Your Tuesday Briefing – The New York Times

Seven people were shot to death yesterday afternoon in San Mateo County, Calif., the local sheriff’s office said, the second mass shooting in the state in three days. The shooting happened around 2:20 p.m. local time at two separate locations about 30 miles south of San Francisco, the authorities said. An eighth person was at a hospital with life-threatening injuries.

A suspect, Zhao Chunli, 67, of Half Moon Bay, Calif., was found in his car in the parking lot of a sheriff’s office substation, the authorities said. He was taken into custody “without incident,” an official said, and a semiautomatic handgun was found in his vehicle. The suspect was believed to be a worker at an agricultural nursery, one of the two shooting sites.

Several children were present when the shootings took place. The motive was unknown, and as of late Monday not all the victims had been identified, officials said.

Toll: Another victim of the earlier mass shooting in California, in a thriving Chinese American suburb of Los Angeles, died at a hospital yesterday, bringing the death toll to 11.

After 15 hours of deliberation, a jury found four members of the far-right Oath Keepers militia guilty of seditious conspiracy yesterday for their roles in trying to keep Donald Trump in office after his 2020 election defeat. The verdict came nearly two months after the group’s leader, Stewart Rhodes, was convicted of the same offense in a separate trial.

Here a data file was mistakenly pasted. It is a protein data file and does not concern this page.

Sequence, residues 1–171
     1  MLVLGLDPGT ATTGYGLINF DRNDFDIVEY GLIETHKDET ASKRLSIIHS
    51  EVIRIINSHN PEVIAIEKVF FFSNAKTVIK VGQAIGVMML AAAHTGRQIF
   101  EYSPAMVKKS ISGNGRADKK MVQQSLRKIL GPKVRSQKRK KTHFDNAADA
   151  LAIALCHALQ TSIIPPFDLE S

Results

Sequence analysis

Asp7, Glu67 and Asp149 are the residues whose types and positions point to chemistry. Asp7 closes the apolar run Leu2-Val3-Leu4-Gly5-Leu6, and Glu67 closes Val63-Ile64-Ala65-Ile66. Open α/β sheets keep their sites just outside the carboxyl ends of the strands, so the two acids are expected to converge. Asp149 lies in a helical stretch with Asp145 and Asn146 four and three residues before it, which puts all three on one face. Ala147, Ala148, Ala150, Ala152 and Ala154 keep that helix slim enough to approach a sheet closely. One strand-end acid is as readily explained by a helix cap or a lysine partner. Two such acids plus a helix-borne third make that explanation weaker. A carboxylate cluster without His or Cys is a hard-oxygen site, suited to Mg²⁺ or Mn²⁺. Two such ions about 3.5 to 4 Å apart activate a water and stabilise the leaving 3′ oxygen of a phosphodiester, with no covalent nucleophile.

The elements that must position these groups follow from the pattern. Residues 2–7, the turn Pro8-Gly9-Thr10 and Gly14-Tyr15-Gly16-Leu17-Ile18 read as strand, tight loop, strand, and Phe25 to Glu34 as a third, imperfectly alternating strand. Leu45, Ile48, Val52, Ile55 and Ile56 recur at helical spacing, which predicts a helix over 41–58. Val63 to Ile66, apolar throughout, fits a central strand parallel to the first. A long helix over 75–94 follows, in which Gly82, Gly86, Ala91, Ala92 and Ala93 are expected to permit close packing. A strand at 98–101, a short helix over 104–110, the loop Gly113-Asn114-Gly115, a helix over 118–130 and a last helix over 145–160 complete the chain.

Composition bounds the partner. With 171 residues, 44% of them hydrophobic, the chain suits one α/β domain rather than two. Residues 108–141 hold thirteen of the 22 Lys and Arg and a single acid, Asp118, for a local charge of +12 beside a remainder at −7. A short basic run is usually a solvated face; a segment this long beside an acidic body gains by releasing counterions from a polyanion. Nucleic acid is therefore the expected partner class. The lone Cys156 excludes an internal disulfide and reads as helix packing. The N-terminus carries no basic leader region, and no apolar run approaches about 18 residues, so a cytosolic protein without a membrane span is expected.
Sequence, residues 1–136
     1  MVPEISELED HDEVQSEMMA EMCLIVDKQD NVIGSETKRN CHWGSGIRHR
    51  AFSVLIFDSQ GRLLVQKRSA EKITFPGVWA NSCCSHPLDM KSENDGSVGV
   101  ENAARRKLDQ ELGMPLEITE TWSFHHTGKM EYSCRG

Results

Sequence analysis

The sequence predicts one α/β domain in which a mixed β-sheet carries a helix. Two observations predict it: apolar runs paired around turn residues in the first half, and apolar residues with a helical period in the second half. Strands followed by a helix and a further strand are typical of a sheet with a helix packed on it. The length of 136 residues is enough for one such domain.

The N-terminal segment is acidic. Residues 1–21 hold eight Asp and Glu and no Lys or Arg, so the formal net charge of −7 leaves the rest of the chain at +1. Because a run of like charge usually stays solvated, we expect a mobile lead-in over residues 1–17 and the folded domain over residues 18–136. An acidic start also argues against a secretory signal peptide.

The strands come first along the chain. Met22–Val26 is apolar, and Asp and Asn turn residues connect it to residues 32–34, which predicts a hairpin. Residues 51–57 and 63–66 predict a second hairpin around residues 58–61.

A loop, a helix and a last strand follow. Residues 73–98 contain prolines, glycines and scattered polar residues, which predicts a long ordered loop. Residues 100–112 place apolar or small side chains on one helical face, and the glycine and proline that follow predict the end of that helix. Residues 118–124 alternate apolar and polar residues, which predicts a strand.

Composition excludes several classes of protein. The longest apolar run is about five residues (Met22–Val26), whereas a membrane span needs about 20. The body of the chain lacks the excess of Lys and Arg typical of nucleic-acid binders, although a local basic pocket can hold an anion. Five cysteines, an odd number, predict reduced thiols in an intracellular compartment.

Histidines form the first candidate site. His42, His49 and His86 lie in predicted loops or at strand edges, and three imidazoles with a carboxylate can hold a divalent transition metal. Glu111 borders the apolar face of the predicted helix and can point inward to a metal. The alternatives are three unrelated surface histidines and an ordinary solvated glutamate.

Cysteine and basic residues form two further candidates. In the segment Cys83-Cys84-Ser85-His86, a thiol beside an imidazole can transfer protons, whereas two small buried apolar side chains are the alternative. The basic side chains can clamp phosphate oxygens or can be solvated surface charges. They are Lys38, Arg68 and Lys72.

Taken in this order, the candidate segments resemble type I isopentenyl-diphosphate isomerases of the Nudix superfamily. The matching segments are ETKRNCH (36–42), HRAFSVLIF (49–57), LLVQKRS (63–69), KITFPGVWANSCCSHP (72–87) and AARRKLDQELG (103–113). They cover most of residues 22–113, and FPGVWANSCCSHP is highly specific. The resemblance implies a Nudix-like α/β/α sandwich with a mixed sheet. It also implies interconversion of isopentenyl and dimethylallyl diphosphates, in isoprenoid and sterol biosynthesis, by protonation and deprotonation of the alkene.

Three of the men joined others in the group on Jan. 6 in forcing their way inside the Capitol, while the fourth, who was stationed in a hotel room stocked with rifles in Virginia, sent frequent texts offering to ferry weapons into Washington, D.C., if needed.

Lawyers for the Justice Department argued that the Oath Keepers had for months expressed a desire to help Trump remain in power even after his election loss and that they had positioned themselves in Washington on Jan. 6, ready to back the former president as an armed militia if he authorized them to do so.

Context: Dating to the Civil War era, the charge of seditious conspiracy has been used sparingly because of the complexity of proving that a group planned collectively to oppose the government by force. It has become central to the Justice Department’s efforts to prosecute national organizations involved in the riot on Jan. 6.


  • Georgia’s inquiry into Trump’s possible election interference in 2020 has entered the indictment phase. It remains unclear whether the former president will face charges.

  • The Arkansas man photographed with his boot on a desk in Nancy Pelosi’s office during the Jan. 6 Capitol riot was convicted of eight federal crimes.

Two years after Britain left the E.U., ending the ability of the bloc’s citizens to automatically work in Britain, the effects of Brexit are unfolding across the economy. They include a shortfall of around 330,000 workers, which has hit Britain’s food and farming sectors particularly hard. About $27 million worth of fruit and vegetables went unharvested last year.